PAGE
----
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Much of the film, especially in the first hour, is filmed by Trier with a well-photographed but relatively standard European Arthouse aesthetic. He takes special notice of environments, but camera movement is either static long-shots or handheld following, and the editing is relatively standard. It’s the contrasts that matter, however, and when he breaks from a realistic pattern – there’s an insert of Thomas and Anders regarding each other while the dialogue from the scene plays over it, accentuating that this the last time they’ll see each other – it’s jarring for a purpose. Once the job interview blows up and Anders demands to have his CV back so they won’t even have it on file, we get an uncharacteristically aggressive following shot that leads to Anders violently throwing the papers into a trash can before we cut to a serene moment where he sits in a café, listening in on everyone’s conversations. The banal conversations about music and the hopes and aspirations of the patrons plays over scenes where, in our only instances where Anders is not in the scene, we see him glimpse people walking by and then follow them on to the gym and then the grocery store and then home, or through a park and then sitting on a bench. His quiet appreciation of the “normal” lives everyone else leads to the imaginings of what it must be like to just simply get on with your day, and how that seemingly simple concept is so far out of reach for him.

In the final third of the film, the contrasts between two parties become central to understanding Anders. He goes to a party Thomas invited him to earlier, which is in the nice, middle-class apartment of an old friend. He moves through the crowd trying to be pleasant before, in a moment of huge importance that’s downplayed as much as possible, he drinks a glass of wine. The details of party are painfully accurate, from the blandly stylish décor to the stilted standing around of the guests, even down to Sebastian Tellier’s ubiquitous “La Ritournelle” playing in the background. He’s confronted with the people he used to know having all moved on with their lives in some form or another, and that depressing disconnect of not having the things he probably didn’t even realize he wanted as well as the shame of being the sad fuck-up who was left behind is compounded by horribly awkward exchanges and a grasping conversation with the hostess who admits she wants children and is, herself, feeling left out amongst her friends because she’s the only one who doesn’t. It leads to Anders misreading the situation, of course, and eventually his rummaging through bags and coats in a bedroom for money to buy heroin. He meets some friends in a bar and there strikes up a dalliance with a young university student. From there they go to a club, where the diegetic sound mostly drops out and it continues that way onto a student party in a shared flat.

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We’re no longer completely rooted in a social realist aesthetic. There’s no diegetic sound save for a conversation we see between Anders and the student about how she won’t remember any of this because that’s the natural way of things, and even that is overlaid onto the following moment when they walk into an alley outside the building to find their friends firing off puffs of smoke from a fire extinguisher like an ambient dream. They ride bicycles, still firing off little puffs, before dawn breaks and they reach a famous Oslo park and then find a swimming pool, one day before the water is to be drained. The obvious route to take when an addict relapses is to show the grim reality of an addict bottoming out, but Anders never really does. He drinks and, for the first time in the film, seems properly happy when chatting to this girl. They make out and he’s into it. The heightened romanticism of their time at the party and through the streets of Oslo in the early hours of the morning are shot as though they were the triumphant, transcendent night out for a shy high schooler in a sensitive romantic fantasy. In stark contrast to his first scene, Anders actually seems to be looking at the girl when she looks back at him, and there’s a distinct elegiac quality to the filming that places the events almost immediately in the realm of nostalgic memory. When Anders stops short of jumping in the pool with everyone else, and he watches as the girl beckons him to come in, it’s about accepting his inability to move forward. He understands that this is how he is happiest and that it is entirely unsustainable as a lifestyle, and so Trier brings back the discontinuity by cutting between Anders watching the girl and walking away then back to the watching.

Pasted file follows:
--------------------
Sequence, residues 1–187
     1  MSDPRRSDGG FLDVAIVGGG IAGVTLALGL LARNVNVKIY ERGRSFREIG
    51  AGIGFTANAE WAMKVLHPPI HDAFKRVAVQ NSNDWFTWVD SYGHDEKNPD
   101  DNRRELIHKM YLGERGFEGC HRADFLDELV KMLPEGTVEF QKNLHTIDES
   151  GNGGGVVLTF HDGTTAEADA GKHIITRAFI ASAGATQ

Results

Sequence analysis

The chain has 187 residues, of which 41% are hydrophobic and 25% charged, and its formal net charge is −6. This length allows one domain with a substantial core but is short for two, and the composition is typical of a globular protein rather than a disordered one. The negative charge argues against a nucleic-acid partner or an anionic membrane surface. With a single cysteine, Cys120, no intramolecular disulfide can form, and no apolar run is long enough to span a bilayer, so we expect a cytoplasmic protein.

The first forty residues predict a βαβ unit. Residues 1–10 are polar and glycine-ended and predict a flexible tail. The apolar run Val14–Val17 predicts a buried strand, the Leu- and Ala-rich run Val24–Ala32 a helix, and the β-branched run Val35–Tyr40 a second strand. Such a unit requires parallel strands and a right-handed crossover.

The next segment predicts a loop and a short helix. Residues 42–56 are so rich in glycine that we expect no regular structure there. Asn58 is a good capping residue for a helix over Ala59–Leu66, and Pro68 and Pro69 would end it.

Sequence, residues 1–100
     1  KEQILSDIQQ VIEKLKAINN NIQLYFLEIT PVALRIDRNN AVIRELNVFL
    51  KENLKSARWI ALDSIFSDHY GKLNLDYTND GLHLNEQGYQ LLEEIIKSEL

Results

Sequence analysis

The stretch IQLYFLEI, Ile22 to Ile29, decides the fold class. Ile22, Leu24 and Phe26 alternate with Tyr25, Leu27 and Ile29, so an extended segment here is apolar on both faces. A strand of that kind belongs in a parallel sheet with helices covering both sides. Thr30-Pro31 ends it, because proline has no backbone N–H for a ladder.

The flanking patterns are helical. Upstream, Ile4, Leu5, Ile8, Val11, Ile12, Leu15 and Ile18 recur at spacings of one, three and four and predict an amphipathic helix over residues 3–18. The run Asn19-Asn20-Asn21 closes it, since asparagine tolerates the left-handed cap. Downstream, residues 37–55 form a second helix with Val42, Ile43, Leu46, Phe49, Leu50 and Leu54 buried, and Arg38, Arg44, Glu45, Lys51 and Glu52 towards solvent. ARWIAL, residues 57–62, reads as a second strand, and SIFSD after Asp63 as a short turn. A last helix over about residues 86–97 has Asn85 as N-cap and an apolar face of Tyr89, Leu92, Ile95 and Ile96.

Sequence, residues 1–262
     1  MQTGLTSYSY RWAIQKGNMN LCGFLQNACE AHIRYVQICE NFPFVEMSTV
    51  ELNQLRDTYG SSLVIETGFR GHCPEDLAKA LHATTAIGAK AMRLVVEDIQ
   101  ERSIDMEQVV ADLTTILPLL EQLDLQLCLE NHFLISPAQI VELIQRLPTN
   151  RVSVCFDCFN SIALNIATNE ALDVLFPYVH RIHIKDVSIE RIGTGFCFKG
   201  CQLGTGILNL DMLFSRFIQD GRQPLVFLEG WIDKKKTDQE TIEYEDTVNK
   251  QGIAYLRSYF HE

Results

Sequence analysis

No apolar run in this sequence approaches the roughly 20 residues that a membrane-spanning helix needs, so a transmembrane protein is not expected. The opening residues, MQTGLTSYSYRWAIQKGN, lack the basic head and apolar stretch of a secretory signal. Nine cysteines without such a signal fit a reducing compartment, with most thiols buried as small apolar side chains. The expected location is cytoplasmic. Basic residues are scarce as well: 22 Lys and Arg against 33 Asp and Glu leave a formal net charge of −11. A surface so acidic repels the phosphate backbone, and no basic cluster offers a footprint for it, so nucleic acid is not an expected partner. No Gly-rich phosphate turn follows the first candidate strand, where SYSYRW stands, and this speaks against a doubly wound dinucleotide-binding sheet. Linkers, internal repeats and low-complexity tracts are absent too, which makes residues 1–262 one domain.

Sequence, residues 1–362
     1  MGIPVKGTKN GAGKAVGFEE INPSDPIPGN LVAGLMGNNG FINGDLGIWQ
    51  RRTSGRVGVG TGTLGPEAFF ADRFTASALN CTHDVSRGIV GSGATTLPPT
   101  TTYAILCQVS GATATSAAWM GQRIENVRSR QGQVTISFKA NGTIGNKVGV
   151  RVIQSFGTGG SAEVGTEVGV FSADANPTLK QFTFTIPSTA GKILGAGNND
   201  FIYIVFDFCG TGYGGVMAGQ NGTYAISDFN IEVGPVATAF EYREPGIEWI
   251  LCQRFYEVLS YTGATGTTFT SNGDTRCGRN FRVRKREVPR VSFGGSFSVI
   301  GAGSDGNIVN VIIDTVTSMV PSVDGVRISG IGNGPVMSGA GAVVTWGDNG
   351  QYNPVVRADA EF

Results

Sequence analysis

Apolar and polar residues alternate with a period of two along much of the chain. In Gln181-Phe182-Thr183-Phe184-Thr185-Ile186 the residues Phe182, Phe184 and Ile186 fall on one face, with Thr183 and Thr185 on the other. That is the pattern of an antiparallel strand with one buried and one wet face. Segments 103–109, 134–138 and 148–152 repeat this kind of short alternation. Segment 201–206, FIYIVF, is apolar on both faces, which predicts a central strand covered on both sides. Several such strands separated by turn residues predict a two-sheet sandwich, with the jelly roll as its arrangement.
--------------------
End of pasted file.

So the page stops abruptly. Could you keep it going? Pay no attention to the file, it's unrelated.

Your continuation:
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He heads home to the now-inevitable suicide in the family home. Because of the impending move the house is in disarray, and there are childhood pictures strewn about like an explosion of memory. He sits down at the piano and plays a tune before getting it wrong and giving up – his life in a nutshell, it seems – and then he moves to his former bedroom. As he lies on the bed overdosing, Trier goes to the admittedly unoriginal tactic of showing a number of the places he’s been on the 30th of August – something done famously in the Before Sunset films though it can be traced back at least as far back as Antonioni’s L’Eclisse – but it’s used as a reminder that all these places continue to exist and move on even though Anders was unable to. The film doesn’t condone Anders’ action, but it doesn’t judge them either. What makes Oslo, 31 August so effective is that it understands and sympathizes.  The burden of memory is an awful thing to bear when you are emotionally and mentally unable to move past it.  When the hope of a better future is nonexistent, and the present – where we should all be living – is a constant reminder of failures, then it makes sense why someone would choose to live in the past.  But the past is gone, and this film is painfully aware that you can’t get it back.

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One Response to “Out of the Past: Oslo, 31 August”

  1. Tony Says:

    Thanks for posting. It made me want to see the film again. I loved it and I mean both.